Cruel voyeurism: why reality TV shows are inherently bad for contestants’ mental health

For every success story, the genre has created many more incidences of mental struggle, financial instability and limited professional success.

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When I was 17, the women’s clothes store where I worked in Birmingham crowned me the all-time worst sales rep. I had no talent for flattery, but it was a chance encounter with a former Big Brother contestant – somewhat lost and looking for a pair of jeans prior to a local nightclub appearance – that would finally see me banished to the stock cupboard for several months.

Over the years, as I neared and passed the age that she would have been at the time, and read tidbits about her financial struggles and personal misfortunes, the memory of my barely repressed laughter while serving the reality TV contestant became a source of shame and embarrassment. The thought returned to me again recently with the cancellation of the Jeremy Kyle show, following the suicide of former participant Steve Dymond, and the recent suicides of two former-Love Island contestants, Sophie Gradon and Mike Thalassitis.

Last week, the UK media regulator Ofcom announced a new set of rules to protect those who appear on TV, guaranteeing care and support to all contestants and limiting the extent to which their distress and anxiety can be engineered by producers and directors. It’s a long overdue intervention into a genre that, for every success story, has created many more incidences of subsequent mental struggle, financial instability and limited professional success. 

For decades, shows like Jeremy Kyle have preyed on vulnerable people. More innocuous formats – from reality TV like Love Island and Big Brother to audition shows such as X Factor and Britain’s Got Talent – have baited contestants with insurmountable challenges and devices to manipulate dynamics and provoke conflict and distress. The narrative arc of reality television involves the creation of villains, victims and oddballs, fictional constructions created by the editing process, of which contestants may only be partially aware.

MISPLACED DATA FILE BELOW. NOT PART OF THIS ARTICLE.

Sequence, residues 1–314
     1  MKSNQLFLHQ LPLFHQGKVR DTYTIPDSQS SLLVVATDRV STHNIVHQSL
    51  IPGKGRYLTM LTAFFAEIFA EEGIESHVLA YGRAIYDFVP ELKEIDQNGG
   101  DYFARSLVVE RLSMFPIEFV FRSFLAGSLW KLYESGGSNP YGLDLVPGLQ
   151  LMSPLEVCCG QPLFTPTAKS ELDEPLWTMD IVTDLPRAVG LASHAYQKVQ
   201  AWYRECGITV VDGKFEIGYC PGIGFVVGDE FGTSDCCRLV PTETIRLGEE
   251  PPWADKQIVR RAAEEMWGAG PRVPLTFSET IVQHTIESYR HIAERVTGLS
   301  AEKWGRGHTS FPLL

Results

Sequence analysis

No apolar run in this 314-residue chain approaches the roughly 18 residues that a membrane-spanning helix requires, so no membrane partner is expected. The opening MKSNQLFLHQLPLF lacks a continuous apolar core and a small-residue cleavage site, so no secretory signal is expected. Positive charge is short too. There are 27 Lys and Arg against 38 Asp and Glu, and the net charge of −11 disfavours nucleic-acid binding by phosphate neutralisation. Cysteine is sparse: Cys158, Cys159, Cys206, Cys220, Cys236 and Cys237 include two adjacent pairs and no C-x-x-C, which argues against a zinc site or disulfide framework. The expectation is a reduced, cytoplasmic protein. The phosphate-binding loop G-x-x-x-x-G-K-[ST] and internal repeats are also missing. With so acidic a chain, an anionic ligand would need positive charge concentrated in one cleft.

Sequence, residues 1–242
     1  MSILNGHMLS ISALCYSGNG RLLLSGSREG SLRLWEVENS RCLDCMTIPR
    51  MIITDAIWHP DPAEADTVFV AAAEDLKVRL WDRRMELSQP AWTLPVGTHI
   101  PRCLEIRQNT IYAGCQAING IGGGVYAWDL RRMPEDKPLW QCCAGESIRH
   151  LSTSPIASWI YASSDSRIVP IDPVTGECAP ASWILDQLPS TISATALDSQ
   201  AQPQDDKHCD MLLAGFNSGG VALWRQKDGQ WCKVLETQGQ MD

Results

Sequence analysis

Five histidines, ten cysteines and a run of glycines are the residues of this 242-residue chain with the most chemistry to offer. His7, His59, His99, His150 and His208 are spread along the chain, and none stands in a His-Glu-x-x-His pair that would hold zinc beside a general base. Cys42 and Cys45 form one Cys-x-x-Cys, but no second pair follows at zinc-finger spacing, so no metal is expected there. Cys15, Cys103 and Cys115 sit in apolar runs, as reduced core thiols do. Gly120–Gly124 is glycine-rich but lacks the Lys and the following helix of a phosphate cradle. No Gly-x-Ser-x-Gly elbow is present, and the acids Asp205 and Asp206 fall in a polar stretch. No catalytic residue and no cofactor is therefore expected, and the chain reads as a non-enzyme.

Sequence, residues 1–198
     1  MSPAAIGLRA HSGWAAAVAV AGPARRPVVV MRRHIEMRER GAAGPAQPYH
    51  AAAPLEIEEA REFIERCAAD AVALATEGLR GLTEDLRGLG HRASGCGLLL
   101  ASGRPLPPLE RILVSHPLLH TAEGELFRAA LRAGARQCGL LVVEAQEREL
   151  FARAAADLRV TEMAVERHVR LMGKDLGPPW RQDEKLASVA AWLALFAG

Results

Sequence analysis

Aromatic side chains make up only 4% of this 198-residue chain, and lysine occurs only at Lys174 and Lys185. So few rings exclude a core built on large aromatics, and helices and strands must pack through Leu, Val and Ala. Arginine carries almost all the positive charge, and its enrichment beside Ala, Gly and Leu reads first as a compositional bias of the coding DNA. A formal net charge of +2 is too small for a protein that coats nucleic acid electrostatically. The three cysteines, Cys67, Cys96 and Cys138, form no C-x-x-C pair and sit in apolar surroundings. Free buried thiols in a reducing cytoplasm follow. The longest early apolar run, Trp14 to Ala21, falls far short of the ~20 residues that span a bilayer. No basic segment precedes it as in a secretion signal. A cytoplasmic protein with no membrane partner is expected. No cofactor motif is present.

Take the case of Susan Boyle for example, who rose to fame in the third series of Britain’s Got Talent and later became a public spectacle for her struggles with Asperger syndrome. Without any prior experience of public exposure, and while navigating the unfamiliar world of profit-makers and media bosses trying to secure their next scoop, Boyle inevitably broke down. Yet in the pantheon of miserable reality TV show tales, hers was supposedly a success story: Boyle attained the highest ranks of the reality TV show dream, escaping the abject cruelty of other formats and the mass ridicule aimed at other, less fortunate contestants of the same show (and all this despite actually coming second to dance troupe Diversity).

Boyle’s mental health was pivotal to her success. Her condition was undiagnosed at the time, but her uncomfortable persona during initial auditions made it easy to portray the singer’s talent as all the more unlikely – and therefore all the more TV-worthy. According to the logic of reality TV, she seemed an outlier – an inexplicable anomaly whose novelty value could be mined for all its worth. This might have been justified on the grounds of greater inclusion, were it not for the subtle strain of mockery and pity that accompanied her segments, goaded by a sentimental soundtrack and stock looks of surprise on the judge’s faces as she delivered her rendition of “I Dreamed a Dream” from Les Miserables.